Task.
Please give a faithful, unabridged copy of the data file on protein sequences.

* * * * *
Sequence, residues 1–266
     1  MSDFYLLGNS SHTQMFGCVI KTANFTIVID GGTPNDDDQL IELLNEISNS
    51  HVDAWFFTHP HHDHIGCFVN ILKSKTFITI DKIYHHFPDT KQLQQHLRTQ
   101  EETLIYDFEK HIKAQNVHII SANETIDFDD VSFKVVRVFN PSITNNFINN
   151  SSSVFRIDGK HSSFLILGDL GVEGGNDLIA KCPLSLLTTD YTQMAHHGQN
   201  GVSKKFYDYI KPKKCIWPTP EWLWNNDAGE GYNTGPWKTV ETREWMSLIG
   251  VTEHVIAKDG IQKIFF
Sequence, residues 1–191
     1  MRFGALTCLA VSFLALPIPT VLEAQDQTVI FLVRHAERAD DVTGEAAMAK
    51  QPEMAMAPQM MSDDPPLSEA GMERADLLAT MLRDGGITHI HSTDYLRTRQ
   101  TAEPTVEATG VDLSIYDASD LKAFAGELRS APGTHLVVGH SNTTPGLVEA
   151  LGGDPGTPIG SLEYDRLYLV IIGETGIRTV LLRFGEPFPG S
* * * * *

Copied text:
Sequence, residues 1–266
     1  MSDFYLLGNS SHTQMFGCVI KTANFTIVID GGTPNDDDQL IELLNEISNS
    51  HVDAWFFTHP HHDHIGCFVN ILKSKTFITI DKIYHHFPDT KQLQQHLRTQ
   101  EETLIYDFEK HIKAQNVHII SANETIDFDD VSFKVVRVFN PSITNNFINN
   151  SSSVFRIDGK HSSFLILGDL GVEGGNDLIA KCPLSLLTTD YTQMAHHGQN
   201  GVSKKFYDYI KPKKCIWPTP EWLWNNDAGE GYNTGPWKTV ETREWMSLIG
   251  VTEHVIAKDG IQKIFF
Sequence, residues 1–191
     1  MRFGALTCLA VSFLALPIPT VLEAQDQTVI FLVRHAERAD DVTGEAAMAK
    51  QPEMAMAPQM MSDDPPLSEA GMERADLLAT MLRDGGITHI HSTDYLRTRQ
   101  TAEPTVEATG VDLSIYDASD LKAFAGELRS APGTHLVVGH SNTTPGLVEA
   151  LGGDPGTPIG SLEYDRLYLV IIGETGIRTV LLRFGEPFPG S